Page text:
Davis (58) lost to Ireland’s Fergal O’Brien in the first round of qualifying for this year’s World Championship and decided that would be his final match.
“That was my last match as a professional,” Davis said on the BBC. “So I’m calling it a day.
“I phoned up Barry (Hearn, his long-time manager) and told him it was on my mind to enter the World Championship and make that the last. I said, ‘Barry, I think it’s time to retire from professional snooker’.
“And he said, ‘Steve, you retired 10 years ago we just didn’t have the heart to tell you’.”
An emotional Davis took a bow in front of the Crucible crowds with the World Championship trophy yesterday.
The death of his father, Bill, in late March came after Davis had reached his decision. Bill Davis had introduced his son to snooker.
Davis said: “It came to my mind that perhaps it was the right time to stop. And my father wasn’t very well. So I entered, for him, this year’s World Championship. He was still alive when I entered, then he passed away, so I played the match against Fergal. That was the only match I ever played without him.”
He said: “My memory’s not that great so the one five years ago beating John Higgins was the most amazing match I’ve ever played. When you’re not supposed to win, then you do... I walked up from here (the Crucible) to the Winter Gardens to be interviewed and that was one amazing moment.”
Despite his many trophies, Davis will be remembered by many as the man beaten by Dennis Taylor in the 1985 Crucible final, when his missed black at the end of the deciding frame was watched by a record TV audience of 18.5 million viewers. Taylor potted the black to win snooker’s most famous match.
On Hearn, Davis said: “I think he realised I should have retired ages ago.
“He realised it was just habit really. If it wasn’t for him, I don’t think I would have been as successful. Not because he gave me anything other than back-up. I learnt from him in lots of ways. I fell on my feet and maybe he fell on his feet as well when we met up together. It was a very strong partnership.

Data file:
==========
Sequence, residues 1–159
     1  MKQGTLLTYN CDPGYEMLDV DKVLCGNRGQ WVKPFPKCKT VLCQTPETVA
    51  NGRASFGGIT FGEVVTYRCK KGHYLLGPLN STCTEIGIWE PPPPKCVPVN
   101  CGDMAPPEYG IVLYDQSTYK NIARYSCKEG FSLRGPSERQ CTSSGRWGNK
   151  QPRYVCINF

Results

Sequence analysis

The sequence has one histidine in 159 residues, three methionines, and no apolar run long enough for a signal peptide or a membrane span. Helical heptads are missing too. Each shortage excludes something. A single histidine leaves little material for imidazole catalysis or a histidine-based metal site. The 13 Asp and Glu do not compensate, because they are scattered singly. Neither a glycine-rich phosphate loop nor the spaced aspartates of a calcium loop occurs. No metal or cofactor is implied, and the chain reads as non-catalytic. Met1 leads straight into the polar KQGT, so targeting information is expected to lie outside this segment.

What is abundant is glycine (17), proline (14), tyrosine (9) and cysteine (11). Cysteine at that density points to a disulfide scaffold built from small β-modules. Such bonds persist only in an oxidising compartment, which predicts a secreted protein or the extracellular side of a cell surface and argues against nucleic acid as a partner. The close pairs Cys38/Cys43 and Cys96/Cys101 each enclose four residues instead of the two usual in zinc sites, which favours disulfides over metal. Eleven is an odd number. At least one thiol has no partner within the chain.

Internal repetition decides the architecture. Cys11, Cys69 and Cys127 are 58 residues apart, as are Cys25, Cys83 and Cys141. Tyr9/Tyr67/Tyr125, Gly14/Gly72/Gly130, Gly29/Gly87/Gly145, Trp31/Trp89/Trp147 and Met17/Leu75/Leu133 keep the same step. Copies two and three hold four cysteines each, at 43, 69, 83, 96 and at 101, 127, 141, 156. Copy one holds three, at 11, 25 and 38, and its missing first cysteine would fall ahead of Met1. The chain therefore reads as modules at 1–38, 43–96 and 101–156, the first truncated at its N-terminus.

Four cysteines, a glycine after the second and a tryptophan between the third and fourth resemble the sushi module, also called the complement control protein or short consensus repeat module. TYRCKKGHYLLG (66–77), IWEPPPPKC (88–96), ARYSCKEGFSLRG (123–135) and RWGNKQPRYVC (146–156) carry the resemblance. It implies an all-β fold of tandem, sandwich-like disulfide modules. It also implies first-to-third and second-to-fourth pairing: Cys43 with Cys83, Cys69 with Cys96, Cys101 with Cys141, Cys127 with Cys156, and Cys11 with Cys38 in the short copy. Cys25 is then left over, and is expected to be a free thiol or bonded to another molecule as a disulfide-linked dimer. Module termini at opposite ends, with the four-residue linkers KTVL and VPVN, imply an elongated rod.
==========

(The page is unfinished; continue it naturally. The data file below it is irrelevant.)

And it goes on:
“It’s sad that era has come to an end, but I think only happy things.”
Meanwhile Anthony McGill set his sights on winning the World Championship after seeing off last year’s runner-up Shaun Murphy to claim his third major Crucible scalp.
After posting stellar wins over Stephen Maguire and Mark Selby to reach the quarter-finals on his debut Sheffield mission 12 months ago, this time the 25-year-old Scot dumped out Murphy in the same way Ali Carter dispatched defending champion Stuart Bingham on Saturday night.
As Murphy headed for home, beaten 10-8 and joining Bingham on the first-round casualty list, McGill dared to dream.
“I possibly could win it,” he said. “But it’d be nice to better last year’s result.”
Breathtaking scoring from McGill saw the 25-year-old plunder breaks of 64, 85, 81, 50, 117, and a closing 97 to roar back from 6-4 adrift and triumph.
A tough second-round match against in-form Marco Fu comes on Thursday.
After winning through three qualifying rounds, McGill was tuned up for match conditions.
He said: “The difference between top players and qualifiers is very, very marginal. Qualifiers winning matches doesn’t surprise me. It might surprise the public but it doesn’t surprise the players.”
Despite struggling in the year since his first Crucible run, McGill looked in terrific form and he takes inspiration wherever he looks inside the arena.
“You see it on the TV and when you’re out there playing you think, ‘That’s where Ronnie (O’Sullivan) stood when he made his 147’, or ‘That’s where Stephen (Hendry) must have walked on this bit of carpet’. It’s an honour to be there. I just think it’s perfect.”
Murphy’s good news at home — his wife is due on Thursday — has given him a new appreciation for where snooker belongs in life’s priorities.
Murphy said: “I’m obviously disappointed but I think the fact I’ve a child on the way has changed my perspective on a lot of things.
“It’s just a game of snooker. I played really well and my preparation couldn’t have been better, but unfortunately I played against someone who played even better than I did on the day. I thought it was a great match. While practising my long potting I’ll have to work on my nappy skills.”
Elsewhere Robbie Williams eked out a 5-4 advantage over Ricky Walden.